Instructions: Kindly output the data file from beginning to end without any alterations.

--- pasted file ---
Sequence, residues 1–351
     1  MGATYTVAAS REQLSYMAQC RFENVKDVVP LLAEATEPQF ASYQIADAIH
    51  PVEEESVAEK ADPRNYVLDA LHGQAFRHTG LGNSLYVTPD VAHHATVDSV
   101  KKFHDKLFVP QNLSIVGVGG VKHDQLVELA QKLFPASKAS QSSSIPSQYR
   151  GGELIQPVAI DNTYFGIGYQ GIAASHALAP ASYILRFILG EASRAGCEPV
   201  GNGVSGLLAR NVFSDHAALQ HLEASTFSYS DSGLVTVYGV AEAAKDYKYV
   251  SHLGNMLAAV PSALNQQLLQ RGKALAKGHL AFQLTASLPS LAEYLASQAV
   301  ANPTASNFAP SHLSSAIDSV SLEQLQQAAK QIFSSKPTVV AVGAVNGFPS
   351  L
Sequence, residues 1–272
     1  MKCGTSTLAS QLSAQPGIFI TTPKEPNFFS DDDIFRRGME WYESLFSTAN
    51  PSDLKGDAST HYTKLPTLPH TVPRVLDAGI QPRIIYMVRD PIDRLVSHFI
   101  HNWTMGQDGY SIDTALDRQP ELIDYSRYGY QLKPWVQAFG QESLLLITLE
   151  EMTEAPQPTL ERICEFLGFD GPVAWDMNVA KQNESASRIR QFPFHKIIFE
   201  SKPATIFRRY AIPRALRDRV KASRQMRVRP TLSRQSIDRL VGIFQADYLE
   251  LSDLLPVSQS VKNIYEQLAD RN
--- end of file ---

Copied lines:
Sequence, residues 1–351
     1  MGATYTVAAS REQLSYMAQC RFENVKDVVP LLAEATEPQF ASYQIADAIH
    51  PVEEESVAEK ADPRNYVLDA LHGQAFRHTG LGNSLYVTPD VAHHATVDSV
   101  KKFHDKLFVP QNLSIVGVGG VKHDQLVELA QKLFPASKAS QSSSIPSQYR
   151  GGELIQPVAI DNTYFGIGYQ GIAASHALAP ASYILRFILG EASRAGCEPV
   201  GNGVSGLLAR NVFSDHAALQ HLEASTFSYS DSGLVTVYGV AEAAKDYKYV
   251  SHLGNMLAAV PSALNQQLLQ RGKALAKGHL AFQLTASLPS LAEYLASQAV
   301  ANPTASNFAP SHLSSAIDSV SLEQLQQAAK QIFSSKPTVV AVGAVNGFPS
   351  L
Sequence, residues 1–272
     1  MKCGTSTLAS QLSAQPGIFI TTPKEPNFFS DDDIFRRGME WYESLFSTAN
    51  PSDLKGDAST HYTKLPTLPH TVPRVLDAGI QPRIIYMVRD PIDRLVSHFI
   101  HNWTMGQDGY SIDTALDRQP ELIDYSRYGY QLKPWVQAFG QESLLLITLE
   151  EMTEAPQPTL ERICEFLGFD GPVAWDMNVA KQNESASRIR QFPFHKIIFE
   201  SKPATIFRRY AIPRALRDRV KASRQMRVRP TLSRQSIDRL VGIFQADYLE
   251  LSDLLPVSQS VKNIYEQLAD RN